At a political rally in Iowa Wednesday night, President Donald J. Trump’s speech to supporters was interrupted with chants of “Lock her up!” — a reference to vanquished Democratic presidential nominee Hillary Clinton’s criminal mishandling of classified emails and other data during her stint as President Obama’s secretary of state.
Trump said he certainly understood the sentiment, which may have been in reference to recent testimony by fired FBI Director James Comey, who told the Senate Intelligence Committee earlier this month that former Attorney General Loretta Lynch ordered him to refer to the bureau’s criminal email investigation of Clinton as a “matter.”
In addition, the president, during his campaign, himself made pledges to investigate Clinton’s email scandal, which involved her improper use of a private, unsecured server.
That process may now be underway, though not formally by the White House.
Fox News reported this week that the State Department has launched a new formal inquiry into Clinton’s email scandal, a probe that includes some of her top aides. But more worrisome — and confusing — to critics is that Clinton still retains her top secret security clearance and still has access to sensitive government information.
The report noted further:
The department’s investigation aims to determine whether Clinton and her closest aides violated government protocols by using her private server to receive, hold and transmit classified and top-secret government documents. The department declined to say when its inquiry began, but it follows the conclusion of the FBI’s probe into the matter, which did not result in any actions being taken against Clinton or any of her aides.
If investigators for the nation’s diplomatic service find sufficient evidence of wrongdoing, Clinton and the aides involved in the probe — which was confirmed to Fox News by Senate Judiciary Committee Chairman Chuck Grassley, R-Iowa — could lose their clearances and, thus, their access to sensitive information.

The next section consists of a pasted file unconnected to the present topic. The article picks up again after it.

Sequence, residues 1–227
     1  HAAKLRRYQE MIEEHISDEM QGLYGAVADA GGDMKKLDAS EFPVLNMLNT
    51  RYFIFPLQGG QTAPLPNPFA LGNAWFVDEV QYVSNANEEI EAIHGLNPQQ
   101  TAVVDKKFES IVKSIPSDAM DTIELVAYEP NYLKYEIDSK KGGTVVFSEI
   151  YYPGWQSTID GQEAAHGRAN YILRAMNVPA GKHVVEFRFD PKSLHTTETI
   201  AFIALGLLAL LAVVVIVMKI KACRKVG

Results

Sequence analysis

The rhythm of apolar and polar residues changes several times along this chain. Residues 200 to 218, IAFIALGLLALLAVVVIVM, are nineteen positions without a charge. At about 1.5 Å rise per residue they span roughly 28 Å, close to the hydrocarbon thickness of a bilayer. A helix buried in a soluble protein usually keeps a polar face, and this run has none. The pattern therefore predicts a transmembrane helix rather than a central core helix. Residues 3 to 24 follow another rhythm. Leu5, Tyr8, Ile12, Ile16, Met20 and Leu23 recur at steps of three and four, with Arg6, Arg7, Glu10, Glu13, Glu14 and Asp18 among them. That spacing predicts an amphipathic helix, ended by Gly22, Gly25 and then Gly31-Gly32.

That’s precisely what should have already happened, argue critics.
Among them is Chris Farrell of the conservative government legal watchdog organization Judicial Watch, which has filed several lawsuits related to Clinton’s email scandal. He told Fox News that Clinton and her “circle of national security criminals” should not now have any access whatsoever to any sensitive, classified data.
“Their conduct has cost them that privileged position of special trust and confidence,” he said, nothing that any other government employee would have been arrested and charged with violations of law under 18 U.S. Code Sec. 792(f), which is “Mishandling National Defense Information.” If found guilty, the accused would then be subject to a long prison sentence and very large fines, he added.
“This flagrant double standard for the gang that exposed Top Secret Codeword material to the Russians, Chinese and others is both offensive and deeply corrosive to the intelligence community,” Farrell noted. “There is no better evidence that when it comes to Hillary Clinton and her côtèrie — laws are for the little people.” (RELATED: Report: Email in Clinton probe led Obama AG Lynch to promise protection against prosecution of Clinton)
In a July 5, 2016, statement to the media, Comey detailed a litany of national security violations Clinton had committed, but then failed to recommend she be prosecuted. During his recent Senate testimony he said he didn’t recommend indictment because he didn’t believe Lynch’s Justice Department would follow through.
In addition to the new State Department inquiry into Clinton’s email, Grassley said his committee launched its own probe in March, citing Comey’s July 5 statement that the FBI found that Clinton and her staffers were “extremely careless in their handling of very sensitive, highly classified information.”
Grassley also has noted that he believes there is “evidence of potential violations of the statutes regarding the handling of classified information…”
During their initial probe, FBI investigators discovered seven Clinton email chains on her computer classified at the “Top Secret/Special Access Program” level — at the very top of the most sensitive information. Another 2,000 emails discovered were not classified at the time but were later classified.
They also found an additional 22 emails that were deemed too damaging to national security to even be released.
J.D. Heyes is a senior writer for NaturalNews.com and NewsTarget.com, as well as editor of The National Sentinel.